March on London

   By systematically plundering Yorkist towns and properties as it marched south toward LONDON in the winter of 1461, the army of Queen MARGARET OF ANJOU created great fear in the capital and across southern England. This fear, and the unpopularity it won for HENRY VI and the house of LANCASTER, allowed the Yorkist leaders to hold London and, with the city’s support, proclaim a rival king of the house of YORK. By mid-January 1461, the army that weeks earlier had defeated and killed Richard PLANTAGENET, duke of York, at the Battle of WAKEFIELD, was joined at York by Queen Margaret and the troops she had obtained in SCOTLAND. Although a large part of the Lancastrian force consisted of ill-disciplined northerners,Welshmen, and Margaret’s French and Scottish MERCENARIES, it also contained the retinues of Henry BEAUFORT, duke of Somerset; Henry PERCY, earl of Northumberland; and John CLIFFORD, Lord Clifford, the sons of men killed by the Yorkists at the Battle of ST. ALBANS in 1455. As the army marched south, the queen and her commanders, believing that they were at last in a position to destroy their enemies, encouraged their troops to pillage any lands or towns belonging or connected to York. As a result, Grantham, Stamford, Peterborough, Huntingdon, Royston, and other Yorkist sites on the army’s line of march suffered severely.News of the destruction spread panic across the south, and especially in London, where shops were closed, valuables hidden, and streets deserted. Always fearful of Scots and northerners, whom they considered wild and uncivilized, large numbers of southerners flocked to London unbidden, seeking to join Richard NEVILLE, earl of Warwick, the one Yorkist leader who seemed capable of protecting the south from Lancastrian pillage (see North of England and the Wars of the Roses).
   On 12 February,Warwick left London accompanied by Henry VI, who had been in Yorkist custody since July. Besides the men recruited by fear of Lancastrian vengeance, the Yorkist army included RETAINERS of the NEVILLE FAMILY; the retinues of John MOWBRAY, duke of Norfolk, and John de la POLE, earl of Suffolk; and even a troop of handgunners sent by Duke PHILIP of BURGUNDY. On 17 February, Queen Margaret’s army defeated Warwick at the Battle of ST. ALBANS.To make matters worse for the Yorkists, the Lancastrians secured the person of Henry VI, who was reunited with his wife and his son, Prince EDWARD OF LANCASTER. Without a king, the Yorkist regime was ended; with Warwick in flight and a Lancastrian army approaching London, the Yorkist cause also seemed at an end. What saved it was the quick action of York’s son, Edward, earl of March, who hurried east from WALES to join Warwick, and London’s fear of the Lancastrian army, which skillful Yorkist PROPAGANDA exploited by exaggerating the destruction the army had caused on its march south. Demanding supplies, money, and the city’s submission, Queen Margaret got the first two but not the last. After sending a deputation of noble ladies to the queen to beg her not to plunder London (see Jacquetta of Luxembourg), city authorities agreed to admit a small Lancastrian contingent. But sentiment in the capital was strongly pro-Yorkist, and the citizens shut the gates against even this force. On 27 February, March and Warwick entered London to a joyous welcome. Young, vigorous, and handsome, March already seemed more regal to the Londoners than Henry VI ever had. Meanwhile, Margaret, unwilling to launch an assault on the city, withdrew her army into the Lancastrian north. On 3 March, the earl of March was proclaimed king as EDWARD IV, and the next day he was hastily crowned at St. Paul’s Cathedral. Thanks in part to the terror generated in the south by the Lancastrian march on London, the house of York held the capital and had a king who was ready to fight to secure his throne.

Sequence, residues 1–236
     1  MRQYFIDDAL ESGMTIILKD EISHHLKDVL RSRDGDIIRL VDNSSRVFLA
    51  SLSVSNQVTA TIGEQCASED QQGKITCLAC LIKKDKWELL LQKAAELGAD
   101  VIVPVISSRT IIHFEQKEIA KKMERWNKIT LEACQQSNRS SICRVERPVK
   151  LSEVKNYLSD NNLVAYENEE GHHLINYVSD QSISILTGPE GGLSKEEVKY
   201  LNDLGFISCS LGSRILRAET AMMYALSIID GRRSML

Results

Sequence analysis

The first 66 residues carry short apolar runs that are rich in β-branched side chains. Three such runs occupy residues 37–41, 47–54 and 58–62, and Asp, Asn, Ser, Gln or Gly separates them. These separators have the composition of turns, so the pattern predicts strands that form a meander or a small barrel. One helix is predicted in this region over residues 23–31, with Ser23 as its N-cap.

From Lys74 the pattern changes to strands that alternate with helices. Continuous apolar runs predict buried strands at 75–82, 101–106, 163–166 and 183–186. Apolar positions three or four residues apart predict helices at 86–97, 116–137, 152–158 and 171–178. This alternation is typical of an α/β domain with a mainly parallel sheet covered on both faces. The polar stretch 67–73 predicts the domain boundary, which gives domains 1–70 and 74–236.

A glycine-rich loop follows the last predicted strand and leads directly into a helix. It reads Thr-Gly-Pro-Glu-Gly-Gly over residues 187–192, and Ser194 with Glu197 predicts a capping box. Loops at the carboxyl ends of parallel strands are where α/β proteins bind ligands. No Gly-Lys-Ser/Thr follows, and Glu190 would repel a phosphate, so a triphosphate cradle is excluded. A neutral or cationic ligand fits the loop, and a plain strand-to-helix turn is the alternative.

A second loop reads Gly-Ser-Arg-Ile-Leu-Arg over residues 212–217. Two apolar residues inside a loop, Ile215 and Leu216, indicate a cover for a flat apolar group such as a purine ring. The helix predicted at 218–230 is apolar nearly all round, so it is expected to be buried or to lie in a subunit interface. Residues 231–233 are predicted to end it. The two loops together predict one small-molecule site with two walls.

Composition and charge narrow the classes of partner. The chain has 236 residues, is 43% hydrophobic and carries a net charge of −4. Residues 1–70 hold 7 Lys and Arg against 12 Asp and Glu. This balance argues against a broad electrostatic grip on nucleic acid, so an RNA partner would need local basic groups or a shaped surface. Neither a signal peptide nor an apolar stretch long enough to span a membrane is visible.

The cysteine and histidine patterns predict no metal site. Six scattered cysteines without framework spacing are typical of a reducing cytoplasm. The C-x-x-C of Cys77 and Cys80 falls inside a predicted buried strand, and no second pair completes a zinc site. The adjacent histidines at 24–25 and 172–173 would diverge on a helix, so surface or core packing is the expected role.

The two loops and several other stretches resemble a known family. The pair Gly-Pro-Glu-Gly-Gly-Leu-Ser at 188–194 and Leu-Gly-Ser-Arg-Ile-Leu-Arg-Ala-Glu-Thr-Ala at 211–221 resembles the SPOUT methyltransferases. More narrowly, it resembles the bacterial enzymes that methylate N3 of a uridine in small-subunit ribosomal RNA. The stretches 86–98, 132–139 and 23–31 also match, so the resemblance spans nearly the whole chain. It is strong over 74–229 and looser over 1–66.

See also Towton, Battle of
   Further Reading: Griffiths, Ralph A., The Reign of King Henry VI (Berkeley: University of California Press, 1981); Haigh, Philip A., The Military Campaigns of the Wars of the Roses (Stroud, Gloucestershire, UK: Sutton Publishing, 1995); Ross, Charles, The Wars of the Roses (New York: Thames and Hudson, 1987).

Encyclopedia of the Wars of the Roses. . 2001.

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